I was surprised at Christmas with a single needle hand-held felting machine from Ukraine. (Glenn said he had been told by the seller on Etsy that there is a Russian rip-off, which had horrible reviews. It either seized or flings parts of itself off as you try to use it.) The Ukrainian one he gave me, seems to want to keep all its parts together.
1) Ukrainian-made single needle felting machine. Speed control is on the power supply.
2) Ann liked it and suspects it will work with sculptural projects.
3) It came with a thank you card from the maker
4-5) and instructions.
Glenn had seen me waffling about a 4-needle hand-held felting machine out of china. That one required the needles to have the crank end cut off. I was not too excited by the idea of cutting needles, so was waffling. I spent a long time chatting with different customer representatives asking lots of questions about needle gauges and shapes. They listed 3 unspecified sizes. I put on my teacher hat and went into education mode and explanations of needles (you may remember my meandering through the topic of needles in a previous blog.) I passed all the info I had gleaned from them to Ann, who did order one which arrived in early January. She will, I am sure, tell you more about how she is finding it. We will also likely do a comparison of the two types we have acquired. After seeing Ann’s I decided it looked like it will probably work well for Picture Felting.
Today a mysterious package arrived from China, well a few little parcels also arrived including the metal thimbles I was waiting for. It was covered in a layer of clear tape with layers of skid rap under that! (Skid wrap is like cling wrap but extra clingy!! It holds boxes or other things on a shipping skid.)
6) tape over skid wrapped cardboard box sitting on a clear box of tiny colourful elastics.
7) protective waterproofing covering removed from a small cardboard box
I carefully extracted the box from the wrapping with the help of some scissors. There were multiple layers of Skid wrap so the scissors were the best solution.
Now to get into the box without damaging the contents….
8) Bring on the Norway pewter Heilag Olav letter opener!! (small cardboard box balancing on a small clear plastic box of tiny elastics balancing on a mettle box that use to hold quality street candy
Hum what is this? Wow, this is well-wrapped!! There is something loose underneath it!
9) Surprise! A bubble-wrapped object, 3 small canisters and a cloth rose.
9-10) Surprise! OH MY!!! That was unexpected! A rose as well as 3 tubes of extra needles!
11) Opening the end of the bubble wrap bag I found More sealed plastic in the next layer!!!
I am starting to wonder if they were expecting horrific weather in Canada or if there will actually be an end to the protective wrapping!! (it may be all packaging and nothing inside?)
12) Aha!! A fancy white box with writing I can’t read and a sticker with some sort of cool pattern on it.
It may be one of those boxes other people’s phones can read. (I did mention my phone only claims to be smarty….but it is mostly out of power and is just a phone. It doesn’t even text. Which is good since it’s a phone so friends should just call me.)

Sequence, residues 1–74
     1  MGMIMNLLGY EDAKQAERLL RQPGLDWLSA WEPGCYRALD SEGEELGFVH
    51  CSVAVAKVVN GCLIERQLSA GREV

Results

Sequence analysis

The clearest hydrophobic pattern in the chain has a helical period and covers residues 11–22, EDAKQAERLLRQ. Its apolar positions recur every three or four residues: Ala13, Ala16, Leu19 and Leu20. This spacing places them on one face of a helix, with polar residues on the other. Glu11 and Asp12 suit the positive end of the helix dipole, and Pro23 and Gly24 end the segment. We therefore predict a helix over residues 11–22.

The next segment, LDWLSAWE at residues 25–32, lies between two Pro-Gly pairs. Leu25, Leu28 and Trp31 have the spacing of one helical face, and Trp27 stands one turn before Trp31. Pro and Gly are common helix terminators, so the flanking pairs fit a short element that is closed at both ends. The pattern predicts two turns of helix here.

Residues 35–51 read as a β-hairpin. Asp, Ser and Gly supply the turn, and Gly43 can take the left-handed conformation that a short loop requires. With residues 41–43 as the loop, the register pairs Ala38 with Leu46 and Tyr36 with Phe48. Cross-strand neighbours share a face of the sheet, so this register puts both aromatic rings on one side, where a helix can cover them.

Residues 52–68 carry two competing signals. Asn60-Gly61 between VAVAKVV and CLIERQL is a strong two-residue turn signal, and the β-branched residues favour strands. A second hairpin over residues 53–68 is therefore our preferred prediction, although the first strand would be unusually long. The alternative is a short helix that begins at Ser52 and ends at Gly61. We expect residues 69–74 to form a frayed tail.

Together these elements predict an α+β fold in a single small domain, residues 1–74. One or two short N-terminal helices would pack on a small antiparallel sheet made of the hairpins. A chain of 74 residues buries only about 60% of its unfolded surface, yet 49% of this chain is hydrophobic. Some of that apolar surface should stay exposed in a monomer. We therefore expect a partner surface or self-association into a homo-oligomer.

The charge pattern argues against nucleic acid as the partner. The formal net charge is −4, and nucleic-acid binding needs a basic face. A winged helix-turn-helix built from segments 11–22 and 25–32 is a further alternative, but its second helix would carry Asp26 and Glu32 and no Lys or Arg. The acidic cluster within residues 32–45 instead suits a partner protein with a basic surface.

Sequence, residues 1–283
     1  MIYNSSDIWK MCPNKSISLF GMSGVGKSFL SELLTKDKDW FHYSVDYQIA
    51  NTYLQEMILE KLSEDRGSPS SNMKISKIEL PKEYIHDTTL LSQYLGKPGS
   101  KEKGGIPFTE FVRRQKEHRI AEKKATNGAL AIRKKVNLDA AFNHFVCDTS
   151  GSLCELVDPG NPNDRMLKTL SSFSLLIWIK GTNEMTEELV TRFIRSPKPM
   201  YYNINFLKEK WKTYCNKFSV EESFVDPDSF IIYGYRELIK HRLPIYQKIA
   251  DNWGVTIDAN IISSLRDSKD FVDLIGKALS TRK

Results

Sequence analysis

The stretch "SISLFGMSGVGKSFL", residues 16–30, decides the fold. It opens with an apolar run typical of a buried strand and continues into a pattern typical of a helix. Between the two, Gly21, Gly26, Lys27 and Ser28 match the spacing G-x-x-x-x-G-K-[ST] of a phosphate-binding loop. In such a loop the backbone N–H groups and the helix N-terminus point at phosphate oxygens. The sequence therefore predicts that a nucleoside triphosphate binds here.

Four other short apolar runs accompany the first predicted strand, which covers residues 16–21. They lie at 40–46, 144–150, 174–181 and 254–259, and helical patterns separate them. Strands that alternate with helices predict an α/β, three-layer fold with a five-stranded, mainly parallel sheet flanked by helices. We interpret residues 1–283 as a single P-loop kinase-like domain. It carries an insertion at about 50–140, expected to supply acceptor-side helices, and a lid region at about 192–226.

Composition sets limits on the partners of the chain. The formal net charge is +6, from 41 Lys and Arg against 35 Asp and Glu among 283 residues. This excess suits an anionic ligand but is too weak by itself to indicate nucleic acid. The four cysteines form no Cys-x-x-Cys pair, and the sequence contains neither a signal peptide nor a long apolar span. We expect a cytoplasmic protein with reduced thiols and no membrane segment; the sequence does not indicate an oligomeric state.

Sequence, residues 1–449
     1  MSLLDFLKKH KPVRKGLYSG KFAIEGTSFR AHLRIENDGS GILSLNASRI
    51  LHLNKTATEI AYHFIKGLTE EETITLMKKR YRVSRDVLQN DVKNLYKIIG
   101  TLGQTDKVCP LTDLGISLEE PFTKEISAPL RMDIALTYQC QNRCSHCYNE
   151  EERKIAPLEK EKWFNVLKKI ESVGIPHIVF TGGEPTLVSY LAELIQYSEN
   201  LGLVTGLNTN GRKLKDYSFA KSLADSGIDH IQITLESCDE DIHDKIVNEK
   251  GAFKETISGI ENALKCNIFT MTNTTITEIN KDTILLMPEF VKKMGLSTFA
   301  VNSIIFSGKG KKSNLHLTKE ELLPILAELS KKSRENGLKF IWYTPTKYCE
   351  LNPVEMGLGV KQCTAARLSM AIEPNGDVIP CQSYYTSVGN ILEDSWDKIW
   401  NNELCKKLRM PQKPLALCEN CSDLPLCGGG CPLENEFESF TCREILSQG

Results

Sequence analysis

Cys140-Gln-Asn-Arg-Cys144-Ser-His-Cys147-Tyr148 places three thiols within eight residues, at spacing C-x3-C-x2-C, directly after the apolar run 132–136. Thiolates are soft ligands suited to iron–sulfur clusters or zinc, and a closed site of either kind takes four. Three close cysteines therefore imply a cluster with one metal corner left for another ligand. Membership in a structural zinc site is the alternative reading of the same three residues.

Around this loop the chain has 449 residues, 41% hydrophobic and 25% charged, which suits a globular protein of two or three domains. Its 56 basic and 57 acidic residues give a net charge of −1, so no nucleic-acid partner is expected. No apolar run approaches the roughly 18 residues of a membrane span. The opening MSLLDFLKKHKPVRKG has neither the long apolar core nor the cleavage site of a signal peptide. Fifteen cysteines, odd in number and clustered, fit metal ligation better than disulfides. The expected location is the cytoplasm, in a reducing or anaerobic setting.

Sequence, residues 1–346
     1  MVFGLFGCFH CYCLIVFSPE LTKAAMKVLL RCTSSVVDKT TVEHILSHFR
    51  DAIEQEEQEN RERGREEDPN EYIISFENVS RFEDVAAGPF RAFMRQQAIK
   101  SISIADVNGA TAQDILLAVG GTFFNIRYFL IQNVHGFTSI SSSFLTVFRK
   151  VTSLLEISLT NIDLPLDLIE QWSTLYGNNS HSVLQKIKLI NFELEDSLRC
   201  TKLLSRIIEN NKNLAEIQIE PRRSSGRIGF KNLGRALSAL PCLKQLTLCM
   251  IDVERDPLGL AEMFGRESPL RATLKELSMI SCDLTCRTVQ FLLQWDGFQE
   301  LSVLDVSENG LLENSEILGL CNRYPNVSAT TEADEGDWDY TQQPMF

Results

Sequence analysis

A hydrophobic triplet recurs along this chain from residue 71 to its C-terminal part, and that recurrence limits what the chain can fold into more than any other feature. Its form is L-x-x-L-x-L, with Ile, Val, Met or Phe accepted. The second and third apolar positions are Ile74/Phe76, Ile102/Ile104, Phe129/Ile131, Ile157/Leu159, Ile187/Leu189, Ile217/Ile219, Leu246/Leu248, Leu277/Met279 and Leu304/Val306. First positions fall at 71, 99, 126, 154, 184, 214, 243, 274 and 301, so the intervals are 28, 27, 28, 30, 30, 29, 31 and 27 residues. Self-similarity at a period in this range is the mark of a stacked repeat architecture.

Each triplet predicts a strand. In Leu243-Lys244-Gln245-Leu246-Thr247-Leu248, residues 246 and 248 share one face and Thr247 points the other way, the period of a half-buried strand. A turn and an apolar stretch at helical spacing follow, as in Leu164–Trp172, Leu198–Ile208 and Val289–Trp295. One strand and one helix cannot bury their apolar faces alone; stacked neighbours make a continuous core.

13) Gold text on the white box, any idea what it says?
Removing the outer layer and lifting the lid I found helpful instructions, including some English!!
14) the instructions in multiple languages
Oh no more packing, this is very well-packed!
15) Now we are getting to the heart of the matter! lifting the thin foam layer I can see a silver solid mettle with a plastic sliding needle guard and the nob for the speed control and another bottle of needles all nestled securely in more packing foam.
16) Digging a bit further I found the power cords with speed control and a white plug adapter that I would need on this side of the ocean.
17) all the parts extracted from the packing, plus the 3 viles of needles and the cloth rose.
The needle canister with the machine has three sets of four needles, I did not ever get any of the otherwise very helpful company reps to tell me what gauges these are. It may be 32, 36 and 40 gauge but I’m not sure. I may investigate more Sunday.
18) Allen Key inserted to add the first needle.
Referring back to the instructions, yes it is best to actually read them and not just guess. I loosened the needle-holding screw with the Allen key provided. (I got extra screws and Allen keys since I don’t want tiny parts to go missing.)
Each of the four needles has a tiny screw that needs to be backed off to insert the cut needle and then tighten. You can run it with one needle or up to all four.
19-20) When the needle(s) have been added you can twist the guard and release it. showing the guard retracted and extended.
This is what it looks like with the guard extended. It slides up and down like the Clover and fake clover tools do.
I have to get back to getting ready for tomorrow, which will be the Spin in, in Chesterville, a small town south of Ottawa. I hopefully will have photos for you of the fun and shopping, in an upcoming post.
there are a number of other hand-held felting machines (tools) have you tried either of these or one of the other ones? once I have given these a good test run we can evaluate the ergonomics and get a better idea of their effectiveness.